Few eligibility requirements for potential participants. This is in contrast to some mainstream skills provision where age, postcode, and prior qualification level can restrict training eligibility. What is required from participants is an appetite and passion for construction, alongside a general willingness to learn and positive attitude towards work.

Flexible, short, focussed interventions. The training delivery is very flexible, typically lasting between one and two weeks. The hubs aim to meet the skills needs of local employers by putting together several components that quickly build the capability of individuals, enabling them to make strong applications for construction vacancies (Figure 2). There is inbuilt flexibility, with many hubs varying their training programme regularly to meet changing employer requirements for specific skills and job roles across the lifecycle of the build. The training and support programme typically include the following elements:

  • Information, advice or guidance and screening for suitability and interest in working in the construction sector;
  • Employability behaviour and a focus on the attributes required to work safely and effectively on a construction site, including time-keeping, and drug and alcohol awareness;
  • Working towards and testing for the CSCS card;
  • Specific qualifications or training for a job role (for example, working at heights; plant and vehicle marshal, and COTS scaffolding qualification); and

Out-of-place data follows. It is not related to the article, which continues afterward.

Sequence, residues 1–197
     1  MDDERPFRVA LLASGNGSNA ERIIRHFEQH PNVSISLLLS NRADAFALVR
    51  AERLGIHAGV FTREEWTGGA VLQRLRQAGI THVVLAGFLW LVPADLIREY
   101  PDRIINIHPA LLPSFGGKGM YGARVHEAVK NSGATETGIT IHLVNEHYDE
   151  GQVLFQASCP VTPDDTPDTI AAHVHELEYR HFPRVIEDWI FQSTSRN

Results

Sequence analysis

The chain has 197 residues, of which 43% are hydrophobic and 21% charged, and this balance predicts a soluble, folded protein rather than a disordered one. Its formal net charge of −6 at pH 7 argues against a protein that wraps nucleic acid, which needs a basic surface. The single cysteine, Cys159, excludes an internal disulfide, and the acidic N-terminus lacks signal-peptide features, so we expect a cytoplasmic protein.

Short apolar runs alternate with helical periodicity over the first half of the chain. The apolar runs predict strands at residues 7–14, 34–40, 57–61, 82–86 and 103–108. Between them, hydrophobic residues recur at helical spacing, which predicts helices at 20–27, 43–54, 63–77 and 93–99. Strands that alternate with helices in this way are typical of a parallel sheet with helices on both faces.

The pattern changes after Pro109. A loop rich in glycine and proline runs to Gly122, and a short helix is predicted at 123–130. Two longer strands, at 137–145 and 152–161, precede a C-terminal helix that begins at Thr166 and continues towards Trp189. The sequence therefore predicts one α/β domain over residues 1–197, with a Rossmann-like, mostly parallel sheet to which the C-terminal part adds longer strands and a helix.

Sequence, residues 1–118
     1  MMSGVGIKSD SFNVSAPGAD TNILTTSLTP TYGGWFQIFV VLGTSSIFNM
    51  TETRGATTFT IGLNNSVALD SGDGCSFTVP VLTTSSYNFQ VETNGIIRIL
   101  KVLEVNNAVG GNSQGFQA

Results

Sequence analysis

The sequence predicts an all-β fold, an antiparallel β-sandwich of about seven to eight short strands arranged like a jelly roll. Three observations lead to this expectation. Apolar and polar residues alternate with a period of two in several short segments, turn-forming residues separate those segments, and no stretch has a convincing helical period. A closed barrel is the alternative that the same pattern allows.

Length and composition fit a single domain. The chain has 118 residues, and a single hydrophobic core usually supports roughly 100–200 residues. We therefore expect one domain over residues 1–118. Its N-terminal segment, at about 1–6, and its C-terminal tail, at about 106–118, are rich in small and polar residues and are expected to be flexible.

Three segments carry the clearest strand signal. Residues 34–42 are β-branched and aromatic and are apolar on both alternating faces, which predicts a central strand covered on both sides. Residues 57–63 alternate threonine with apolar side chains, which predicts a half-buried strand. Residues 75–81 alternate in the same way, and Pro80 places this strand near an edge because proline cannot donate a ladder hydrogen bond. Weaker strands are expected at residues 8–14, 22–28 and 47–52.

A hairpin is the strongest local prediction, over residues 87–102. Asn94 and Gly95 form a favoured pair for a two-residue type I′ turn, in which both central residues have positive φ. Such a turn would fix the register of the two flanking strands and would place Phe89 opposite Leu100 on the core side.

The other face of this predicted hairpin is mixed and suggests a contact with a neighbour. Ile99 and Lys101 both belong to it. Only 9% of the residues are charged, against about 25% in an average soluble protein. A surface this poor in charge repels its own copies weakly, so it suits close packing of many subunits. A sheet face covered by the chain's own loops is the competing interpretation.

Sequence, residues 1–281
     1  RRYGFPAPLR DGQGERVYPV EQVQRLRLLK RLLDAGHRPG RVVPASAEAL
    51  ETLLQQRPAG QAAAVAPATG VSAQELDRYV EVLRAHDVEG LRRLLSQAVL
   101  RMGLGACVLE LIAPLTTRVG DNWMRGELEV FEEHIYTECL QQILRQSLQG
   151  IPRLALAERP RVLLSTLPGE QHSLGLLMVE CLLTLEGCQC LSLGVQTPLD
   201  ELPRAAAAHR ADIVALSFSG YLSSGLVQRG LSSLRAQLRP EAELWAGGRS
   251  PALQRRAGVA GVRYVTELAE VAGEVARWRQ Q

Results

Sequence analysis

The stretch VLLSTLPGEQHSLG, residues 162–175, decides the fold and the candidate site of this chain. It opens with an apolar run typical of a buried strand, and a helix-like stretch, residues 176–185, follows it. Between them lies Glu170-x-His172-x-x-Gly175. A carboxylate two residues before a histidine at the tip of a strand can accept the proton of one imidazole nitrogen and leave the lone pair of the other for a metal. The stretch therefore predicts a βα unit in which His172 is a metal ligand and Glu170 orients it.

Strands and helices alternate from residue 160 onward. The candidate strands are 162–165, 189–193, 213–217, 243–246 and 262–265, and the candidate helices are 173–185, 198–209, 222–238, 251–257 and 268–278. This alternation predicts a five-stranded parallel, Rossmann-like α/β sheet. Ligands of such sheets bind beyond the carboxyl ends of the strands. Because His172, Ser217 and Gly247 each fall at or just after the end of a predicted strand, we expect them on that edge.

• Tours of construction sites, work tasters and placements that will allow potential recruits to experience what it is like to work in the modern construction industry – and dispel a few of the myths.

Figure 2: The hubs’ programmes consist of several elements

Supporting successful participants into construction vacancies by partnering with employers. Some employers begin recruiting for job vacancies even during the training, with employers interviewing suitable participants throughout the programme.

One of the new CSF hubs is The Building Block, coordinated by Sheffield City Council to help train the workforce it needs to construct 10,000 new homes. The £715,000 CSF investment gives local people with no previous construction experience the chance to become involved in various construction trades.

Following a two-week programme where they benefit from learning a variety of key skills, learners gain invaluable work experience at one of the city’s housing development sites. From here, successful candidates have the opportunity to gain long term employment. So far, of 25 learners who have moved into employment, 23 are from underrepresented groups. The scheme has provided a massive boost to the local area and helping to meet house-building targets.

What’s next?

CSF is already making a huge difference in the communities in which on-site Hubs are based – but we now need to do more to support employers, educators and potential recruits to ensure that the construction industry is supplied with the qualified, diverse, tech-savvy and ambitious people the sector requires to grow and build Britain.

“The Construction Skills Fund has now been operating for more than six months, and already we are beginning to see the benefit to local people and businesses,” says Steve Radley, Policy Director at the Construction Industry Training Board. “It’s great that the CSF is attracting people from a wide variety of backgrounds to take up the fantastic jobs being created. We look forward to building on the promising results to date and continuing to develop and nurture talent within the industry.”

Rosie Gloster, CSF Evaluation Manager at IES, added: “The Construction Skills Fund is a really exciting opportunity to test whether a short programme, designed specifically to respond to employers’ recruitment needs, can bring forward and train people to work in the construction sector who would not otherwise have been in a position to successfully apply for these vacancies. We’re delighted to be evaluating the CSF over the coming months and our report will be published in spring 2020.”